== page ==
An athlete’s legacy is often remembered by actions on the field of play.
An interception return for a touchdown. A last-second 3-pointer that wins a game. Striking out a batter with the bases loaded and two outs to protect a one-run lead.
Micah Hyde was one of those athletes. He was a four-year football letterman at Iowa, playing for Coach Kirk Ferentz from 2009 to 2012
He was a first-team all-Big Ten selection as a senior in 2012, and was named the Tatum-Woodson Defensive Back of the Year.
Hyde made a lot of big plays over those four seasons, including a couple of memorable touchdowns in 2010. The first covered 66 yards against Michigan State, when teammate Tyler Sash made an interception and flipped it to Hyde. The other came in the 2010 Insight Bowl. Iowa trailed Missouri late in the fourth quarter, 24-20, when Hyde picked off Blaine Gabbert and returned it 72 yards for the game-winning touchdown with 5:32 remaining.
A fifth-round draft pick of the Green Bay Packers in 2013, Hyde played there for four seasons before finding a new home in Buffalo. There, he made the Pro Bowl in 2017 and has started every game he’s played in over the past five seasons.
Micah Hyde cemented his legacy in Buffalo on Sunday. And it had nothing to do with his exploits on the football field. Hyde opened his heart in the wake of an unthinkable tragedy that was fueled with hate and racism.
An 18-year-old man drove to Buffalo Saturday, stopped at a Tops Friendly Markets located in a predominately Black neighborhood and murdered 10 people with an assault rifle. Police called it an act of “racially motivated violent extremism.”
Micah Hyde’s Charity Softball Game at Sahlen Field in downtown Buffalo was scheduled the day after the shootings. Hyde contemplated calling off the event, but ultimately decided to go ahead with it as planned.
“If we stopped and canceled everything because of hate, we wouldn’t move forward,” Hyde said. “There’s a lot of it, and I think all you can do is just, like I said, spread the love and love one another.”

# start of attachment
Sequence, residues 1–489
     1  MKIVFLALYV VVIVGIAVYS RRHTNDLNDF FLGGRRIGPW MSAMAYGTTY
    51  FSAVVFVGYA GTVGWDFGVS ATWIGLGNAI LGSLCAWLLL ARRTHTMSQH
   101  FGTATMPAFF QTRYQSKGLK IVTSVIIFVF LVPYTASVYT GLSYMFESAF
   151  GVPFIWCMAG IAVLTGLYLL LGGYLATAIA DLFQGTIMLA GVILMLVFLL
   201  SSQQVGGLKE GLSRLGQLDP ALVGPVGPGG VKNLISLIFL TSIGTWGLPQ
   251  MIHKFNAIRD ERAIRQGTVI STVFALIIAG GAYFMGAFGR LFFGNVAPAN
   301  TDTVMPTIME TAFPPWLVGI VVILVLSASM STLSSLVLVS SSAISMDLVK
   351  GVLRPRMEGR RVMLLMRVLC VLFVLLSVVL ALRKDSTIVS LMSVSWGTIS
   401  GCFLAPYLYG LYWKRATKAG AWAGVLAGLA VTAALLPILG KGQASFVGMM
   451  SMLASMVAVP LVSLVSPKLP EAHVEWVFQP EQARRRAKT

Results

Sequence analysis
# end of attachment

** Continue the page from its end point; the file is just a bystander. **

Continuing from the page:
What a profound statement by a proud man.
“I still can’t believe it,” Hyde added. “But when there’s hate in the world, you kind of erase it with love, and coming out here (Sunday) and showing the community love and love to the youth, love to the community, love the foundation, I guess that’s the way to combat it.”
More than 10,000 fans attended the softball game, which served as a benefit for Micah’s I’MagINe For Youth Foundation.
Before the game, sponsors of the event donated $200,000 to the foundation. Hyde took things a step further. He announced a portion of the game’s proceeds would be donated to the families of the 10 people who were killed. That included money collected from a silent auction.
Hyde started his foundation shortly after he arrived in Buffalo. The first charity softball event drew less than 2,000 people. It’s grown leaps and bounds since then, which shows the spirit of the city and a passion for the Buffalo Bills and popular players like Hyde.
“You can go anywhere in this nation, and I don’t think you’ll find a better community than Buffalo, and I honestly mean that,” Micah told the Buffalo News. “This place is home. I grew up here, became a man here, had kids here, was married living here, I had my first home here. This place is home to me and I cherish this place a lot. To see this, it means a lot to me from the bottom of my heart.”
Hyde grew up in Fostoria, Ohio. His best friend in grade school was Aaron Craft, whose family would move to Findlay, Ohio, when he was in sixth grade. Craft would later become a standout basketball player at Ohio State.
After Hyde’s rookie NFL season, he sat in the front row at Value City Arena in Columbus, Ohio to watch a 2014 matchup between Craft’s Buckeyes and Hyde’s alma mater. The 20th-ranked Hawkeyes upset No. 3 Ohio State, 84-74. Hyde stood and high-fived some of the Hawkeyes as they left the court.
Buffalo may be Micah’s home now, but Iowa City also played an important role in his life. A two-star recruit who was a dual-option quarterback at Fostoria High School, Hyde played both cornerback and safety for the Hawkeyes. He is just one in a long line of players who proved to have the right stuff a lot of other recruiters didn’t see.
Ferentz, heading into his 24th season as Iowa’s head coach, likes to talk about good stories in his program. He’s seen a lot of those good stories unfold. Stories like Micah Hyde. And I bet Hyde’s sharing, caring heart last weekend in Buffalo made his old coach proud.